Monthly Archives: January 2019

My investment book reading suggestions

A question that people regularly ask me is what kind of books, blogs and other resources I would recommend. To tackle this question once and for all I thought the best idea was to write one or more blog posts about it, starting with books that I would recommend reading. What books to recommend is an easy question in my opinion. There are really a ton of good books out there, and I don’t think it matters too much which ones you read. Start with some of the well known classics and it’s really hard to go wrong.

After reading enough books on, for example, value investing you will see the content becoming more and more repetitious. They first book you read you might think, “Wow, that’s genius buying stocks at a discount to NCAV” while in the 10th book you start thinking “Can’t this author tell me anything new?”. It’s not that the 10th book is a worse one, but at some point you know the drill. So I have to admit that these days I rarely read investing books anymore, so quite possibly I’m not the most qualified person to give reading tips. But since you have been asking I’ll try anyway! All the books in the lists below are books I have read personally. If you think I’m missing something great, let me know in the comments.

Investment basics, philosophy

If you are totally new to investing these are the kinds of books that I think should be helpful to understand what (intelligent) investing is, what kind of attitude you should have with regards to your investments, and what kinds of stocks could be profitable investments.

  • The Intelligent Investor I think this timeless classic is a must have on the reading list, and a good one as a first book to read.
  • Margin of Safety Only buy it if you run a successful hedge fund and want to showoff with the books on your bookshelf. For the rest of us, you should be able to find the pdf-version somewhere online.
  • The Manual of Ideas A way more modern text that incorporates many of the ideas of the previous books and some new ones.
  • Common Stocks and Uncommon Profits and Other Writings There is more under the sun than just buying dirt cheap stocks.
  • Essays of Warren Buffet At some point in your investing life you will probably get bored by hearing for the millionth time the same Buffett quotes, but if you are new to investing these are a must read. Instead of buying the book you can also go for the value option, and read all of Buffets shareholder letters on


Understanding psychology is extremely important if you want to make good decisions, yet at the same time it’s very hard to apply. There is a big difference between reading a book about psychology, and being able to avoid the many psychological pitfalls you read about. But reading these books is a good first step I think.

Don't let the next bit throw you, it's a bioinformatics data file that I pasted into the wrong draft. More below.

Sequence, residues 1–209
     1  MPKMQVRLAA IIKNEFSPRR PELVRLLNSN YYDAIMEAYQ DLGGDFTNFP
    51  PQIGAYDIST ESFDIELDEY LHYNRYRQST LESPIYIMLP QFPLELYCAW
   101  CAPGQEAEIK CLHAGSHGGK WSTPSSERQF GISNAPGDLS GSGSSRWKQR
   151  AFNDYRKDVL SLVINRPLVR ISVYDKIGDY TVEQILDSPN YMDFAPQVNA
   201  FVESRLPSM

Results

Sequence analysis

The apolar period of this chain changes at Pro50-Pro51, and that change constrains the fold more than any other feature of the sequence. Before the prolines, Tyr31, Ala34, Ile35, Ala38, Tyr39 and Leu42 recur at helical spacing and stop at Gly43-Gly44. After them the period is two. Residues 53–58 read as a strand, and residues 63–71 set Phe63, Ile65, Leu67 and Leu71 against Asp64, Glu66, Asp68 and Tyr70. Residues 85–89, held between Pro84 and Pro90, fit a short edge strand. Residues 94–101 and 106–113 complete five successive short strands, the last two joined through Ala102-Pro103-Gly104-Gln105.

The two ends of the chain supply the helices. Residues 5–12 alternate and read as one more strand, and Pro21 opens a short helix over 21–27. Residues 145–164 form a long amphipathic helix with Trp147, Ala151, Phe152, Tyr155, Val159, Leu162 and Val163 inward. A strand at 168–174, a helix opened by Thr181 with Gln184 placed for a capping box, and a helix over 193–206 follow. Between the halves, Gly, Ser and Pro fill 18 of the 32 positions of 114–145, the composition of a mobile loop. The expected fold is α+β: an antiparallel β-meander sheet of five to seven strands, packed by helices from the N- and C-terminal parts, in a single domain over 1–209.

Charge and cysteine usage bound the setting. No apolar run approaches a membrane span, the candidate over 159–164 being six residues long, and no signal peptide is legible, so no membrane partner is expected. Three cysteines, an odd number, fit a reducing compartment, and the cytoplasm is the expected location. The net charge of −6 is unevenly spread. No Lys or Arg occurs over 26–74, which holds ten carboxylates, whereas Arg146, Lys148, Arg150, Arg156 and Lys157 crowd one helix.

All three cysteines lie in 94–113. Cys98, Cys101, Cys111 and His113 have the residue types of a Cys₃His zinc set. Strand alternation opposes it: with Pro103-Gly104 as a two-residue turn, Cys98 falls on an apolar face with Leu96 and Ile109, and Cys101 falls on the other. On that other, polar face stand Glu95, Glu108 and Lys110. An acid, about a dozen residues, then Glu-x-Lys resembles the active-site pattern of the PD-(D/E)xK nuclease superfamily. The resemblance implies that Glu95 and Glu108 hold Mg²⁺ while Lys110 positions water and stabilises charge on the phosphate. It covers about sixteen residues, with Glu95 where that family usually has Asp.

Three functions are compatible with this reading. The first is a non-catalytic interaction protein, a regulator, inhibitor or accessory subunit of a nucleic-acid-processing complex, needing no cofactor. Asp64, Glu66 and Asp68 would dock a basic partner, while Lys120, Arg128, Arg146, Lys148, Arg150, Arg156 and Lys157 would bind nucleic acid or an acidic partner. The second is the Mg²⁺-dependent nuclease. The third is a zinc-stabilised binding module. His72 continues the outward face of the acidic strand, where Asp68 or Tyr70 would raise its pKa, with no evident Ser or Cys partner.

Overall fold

• Thinking Fast and Slow It’s not really an investment book, but a great book to understand the various heuristics and biases our brain has that can influence our decision making. An absolute must read in my opinion.
  • Beyond Greed and Fear It’s the same topic, but this time a bit more tailored towards investing.

Applied accounting/investing/valuation

The border between books in this category and the investment basics category is arguably a bit vague, but these books are on average a bit more practical, maybe aiming at more specific subjects and heavy on examples and case studies.

Case studies/entertainment

Most investing books I read nowadays fall in this category. Individually you’re probably not going to learn a whole lot from each book, but most of these books contain interesting nuggets of wisdom, and perhaps more importantly, are just very good reads.

  • Fooling Some of the People All of the Time Entertaining story of Einhorn’s fight against Allied Capital.
  • Reminiscences of a Stock Operator Interesting story about trading and speculation in the early days of the stock market
  • The Big Short One of the best stories about the 2008 financial crisis. The movie is surprisingly great as well. So if you are tired of reading, you can just watch it.
  • When Genius Failed Good story about the spectacular failure of the Long Term Capital Management hedge fund.
  • Red Notice Hedge fund manager turns into social justice warrior after the Russian state murders his lawyer. Book reads reads like thriller, something you don’t expect in the finance category. @Billbrowder is worth a follow on Twitter too.

Part of my bookshelf containing some of the books recommend above


All of the links in this post contain my Amazon affiliate code. If you buy something I will get a small percentage while you get the same price as always. Hopefully this post can make me rich!

PD-Rx Pharmaceuticals reports FY2018 results

On the first trading day of 2019 PD-Rx Pharmaceuticals reported its annual results for the 2018 fiscal year that ends on June 30. PD-Rx is one of these stocks that is wonderfully easy to keep track of. The company releases financial information just once a year, and the two dozen pages that make up the annual report and the accompanying financial statements are easy to comprehend while painting a useful picture of how things have been going.

Last year was actually packed with an unusual amount of action for PD-Rx. The company paid a nice $0.66/share dividend in May, and a big $2.20/share dividend in December (after the end of the fiscal year). I was hoping that the dividends signaled that business was going well, but after looking at the latest results it seems that they simply decided to return excess cash. An excellent decision in my opinion, and even after these two dividends half of PD-Rx’s market cap consists of cash and certificates of deposit. Knowing that they are happy to return large amounts of cash to shareholders makes me more confident that we don’t have to place a discount on their remaining cash reserves.